How to help the captain? This aircraft can not fly alone. Data for the crew, too, suggest the doubt. Navigator (if you believe the media) was produced from the school mechanic. Weather conditions were just deadly: I would, in all my experience, do not dare to go for landing in the fog 400, but he went there blind and stupid. Ground control had nothing to do with it. The head ATC crew gave advance information about the bad weather, gave advice on caring for an alrternate. He controlled the decline and warned of the flight below the glide path. But flying is done by the pilot!
Do not believe the words: "the pilot of the first class," the best among the best, "chief pilot of the president."
Facts from official webpage of 36 SPLT: 3528 hrs total 2937 on type
As mentioned before, PLFs are flying mostly around the country, both in service and in training. So I believe any 100 hrs would mean similar (if not greater) number of landings. Some of them (airports) are not equipped with to-date equipment (CASA case, anyone?). In fact, only the civilian airports are equipped with ILS (plus EPSY airport, which is in fact now non controlled, I believe, staffed only for training and when required). So, I believe with plenty of landings (thousands) and - even considering the probability - at least some of them in poor conditions, their experience cannot be evaluated as "inadequate". I believe what happened is much more a difference between civilian and military pilots when considering acceptable risk, plus pressure, leading to pilots error (approach below minimas). Lack of information about strip and/or approach might be contributing factor as well, of course, if it turns out to be true.
If that is the case, one could wonder perhaps, when the radar was last calibrated/checked ?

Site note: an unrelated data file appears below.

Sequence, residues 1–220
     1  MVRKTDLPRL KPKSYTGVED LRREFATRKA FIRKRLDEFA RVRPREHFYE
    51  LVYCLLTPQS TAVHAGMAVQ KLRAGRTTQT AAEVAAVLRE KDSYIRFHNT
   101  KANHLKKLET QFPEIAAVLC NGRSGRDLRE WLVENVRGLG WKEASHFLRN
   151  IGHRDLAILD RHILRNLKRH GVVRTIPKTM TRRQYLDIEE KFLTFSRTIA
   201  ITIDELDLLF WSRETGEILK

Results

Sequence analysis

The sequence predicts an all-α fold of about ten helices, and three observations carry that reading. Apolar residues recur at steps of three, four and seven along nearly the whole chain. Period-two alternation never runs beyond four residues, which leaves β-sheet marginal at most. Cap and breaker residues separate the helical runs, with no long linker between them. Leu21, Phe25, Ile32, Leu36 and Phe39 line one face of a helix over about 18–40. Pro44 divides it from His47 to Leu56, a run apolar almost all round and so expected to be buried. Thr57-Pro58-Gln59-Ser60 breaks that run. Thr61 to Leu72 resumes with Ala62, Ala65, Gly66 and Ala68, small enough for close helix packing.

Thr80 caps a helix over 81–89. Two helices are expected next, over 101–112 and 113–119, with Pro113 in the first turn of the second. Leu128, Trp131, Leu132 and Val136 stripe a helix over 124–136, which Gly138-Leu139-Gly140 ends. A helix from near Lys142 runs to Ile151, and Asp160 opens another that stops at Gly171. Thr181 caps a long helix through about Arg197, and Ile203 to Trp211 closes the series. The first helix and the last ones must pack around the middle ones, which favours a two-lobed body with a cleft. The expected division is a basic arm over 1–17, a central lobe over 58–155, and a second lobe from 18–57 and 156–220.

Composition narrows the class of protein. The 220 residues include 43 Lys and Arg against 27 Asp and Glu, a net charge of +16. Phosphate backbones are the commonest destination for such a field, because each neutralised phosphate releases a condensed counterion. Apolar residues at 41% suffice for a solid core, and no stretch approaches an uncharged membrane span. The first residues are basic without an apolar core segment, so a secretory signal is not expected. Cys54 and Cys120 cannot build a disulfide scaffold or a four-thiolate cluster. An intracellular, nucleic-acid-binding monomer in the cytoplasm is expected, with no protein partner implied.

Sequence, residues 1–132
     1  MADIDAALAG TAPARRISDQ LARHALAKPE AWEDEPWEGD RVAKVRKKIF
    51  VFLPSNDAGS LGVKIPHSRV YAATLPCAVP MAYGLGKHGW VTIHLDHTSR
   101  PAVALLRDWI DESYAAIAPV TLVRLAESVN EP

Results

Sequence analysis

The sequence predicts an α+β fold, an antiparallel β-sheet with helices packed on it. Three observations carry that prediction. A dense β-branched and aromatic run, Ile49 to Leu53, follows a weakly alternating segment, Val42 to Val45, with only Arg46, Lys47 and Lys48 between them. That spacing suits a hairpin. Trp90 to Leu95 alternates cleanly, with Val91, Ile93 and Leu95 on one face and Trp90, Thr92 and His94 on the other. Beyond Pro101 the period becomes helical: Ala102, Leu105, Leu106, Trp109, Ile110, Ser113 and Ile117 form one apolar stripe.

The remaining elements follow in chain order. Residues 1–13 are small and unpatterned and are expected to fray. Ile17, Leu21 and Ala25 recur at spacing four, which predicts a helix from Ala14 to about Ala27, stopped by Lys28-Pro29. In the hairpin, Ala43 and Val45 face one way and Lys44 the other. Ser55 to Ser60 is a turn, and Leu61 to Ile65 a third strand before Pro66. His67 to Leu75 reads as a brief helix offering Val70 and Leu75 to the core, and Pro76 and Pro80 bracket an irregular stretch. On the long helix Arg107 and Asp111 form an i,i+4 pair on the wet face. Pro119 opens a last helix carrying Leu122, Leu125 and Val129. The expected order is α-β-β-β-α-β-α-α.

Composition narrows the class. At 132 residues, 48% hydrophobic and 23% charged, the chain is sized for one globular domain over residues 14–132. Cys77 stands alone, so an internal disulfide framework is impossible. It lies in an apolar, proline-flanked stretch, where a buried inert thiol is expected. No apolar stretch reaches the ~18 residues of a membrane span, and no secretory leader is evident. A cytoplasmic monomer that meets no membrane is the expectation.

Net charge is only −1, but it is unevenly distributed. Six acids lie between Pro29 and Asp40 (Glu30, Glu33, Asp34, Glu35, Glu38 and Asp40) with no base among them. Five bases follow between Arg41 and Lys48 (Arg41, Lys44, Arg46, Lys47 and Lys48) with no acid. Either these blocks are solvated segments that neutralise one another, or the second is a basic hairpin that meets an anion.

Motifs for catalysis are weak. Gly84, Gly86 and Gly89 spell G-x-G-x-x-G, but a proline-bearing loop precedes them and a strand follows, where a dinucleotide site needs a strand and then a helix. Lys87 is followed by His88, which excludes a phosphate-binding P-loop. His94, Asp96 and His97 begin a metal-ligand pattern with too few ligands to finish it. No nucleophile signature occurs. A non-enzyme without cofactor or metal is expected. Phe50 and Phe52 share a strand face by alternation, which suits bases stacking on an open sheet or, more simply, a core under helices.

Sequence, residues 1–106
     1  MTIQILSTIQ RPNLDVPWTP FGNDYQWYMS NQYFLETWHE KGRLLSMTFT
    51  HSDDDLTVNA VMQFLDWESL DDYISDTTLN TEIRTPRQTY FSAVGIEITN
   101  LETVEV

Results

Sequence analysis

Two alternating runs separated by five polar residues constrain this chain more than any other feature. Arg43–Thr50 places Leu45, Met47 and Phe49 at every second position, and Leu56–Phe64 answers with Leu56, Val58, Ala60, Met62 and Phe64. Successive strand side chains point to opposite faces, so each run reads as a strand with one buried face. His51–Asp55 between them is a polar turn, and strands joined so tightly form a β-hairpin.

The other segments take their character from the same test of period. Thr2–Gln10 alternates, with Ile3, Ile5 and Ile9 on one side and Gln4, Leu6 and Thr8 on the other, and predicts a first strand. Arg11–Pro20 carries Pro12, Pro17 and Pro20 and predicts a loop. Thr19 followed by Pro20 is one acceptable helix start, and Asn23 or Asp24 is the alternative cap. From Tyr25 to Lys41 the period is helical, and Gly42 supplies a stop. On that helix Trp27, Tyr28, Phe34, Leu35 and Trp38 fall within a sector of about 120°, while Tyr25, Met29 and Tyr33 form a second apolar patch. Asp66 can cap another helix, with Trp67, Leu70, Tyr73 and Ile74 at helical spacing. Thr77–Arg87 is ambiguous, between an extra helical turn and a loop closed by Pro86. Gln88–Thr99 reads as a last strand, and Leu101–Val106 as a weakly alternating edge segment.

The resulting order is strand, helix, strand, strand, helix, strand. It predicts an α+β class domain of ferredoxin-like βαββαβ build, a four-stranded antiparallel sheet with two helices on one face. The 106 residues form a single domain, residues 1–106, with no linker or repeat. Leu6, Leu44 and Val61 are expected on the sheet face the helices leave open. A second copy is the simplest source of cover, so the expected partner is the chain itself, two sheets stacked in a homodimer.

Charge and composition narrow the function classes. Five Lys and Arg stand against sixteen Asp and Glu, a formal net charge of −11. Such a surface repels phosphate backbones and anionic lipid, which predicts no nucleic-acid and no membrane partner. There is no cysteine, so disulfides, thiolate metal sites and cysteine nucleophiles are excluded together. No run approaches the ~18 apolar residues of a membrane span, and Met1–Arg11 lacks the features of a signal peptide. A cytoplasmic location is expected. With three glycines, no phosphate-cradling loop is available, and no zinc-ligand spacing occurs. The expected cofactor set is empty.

If this was indeed a PAR & not a 2NDB procedure the hairs on the back of my neck are getting tingly.
The experience of the preceeding, successful approaches would be interesting; if the approach was in any way hairy or innaccurate due to instrumentation or human deficiency I'm sure the press would have dug that up by now.
To open up a closed airfield within 3 days and bringing it up to a minimum amount of safety status, which would qualify it for any kind of instrument approach in weather conditions other than special VFR seems to be out of question.
Its definitely out of the western world, and i canīt imagine it would be suitable to any military or civil operation except in war.
So whowever authorized such operation will and should be in deep trouble.
Facts from official webpage of 36 SPLT: 3528 hrs total 2937 on type
can we trust these numbers? the ac had only some 5000hours itself for all the time it was in Poland, it was flown for long time by other crews, so how the pilot could have accumulated 2000hrs on type? i am sincerely sorry for the crew but it seems like a cover-up operation by some s****d military who has allowed relatively not prepared pilot to fly this ac on this very specific flight.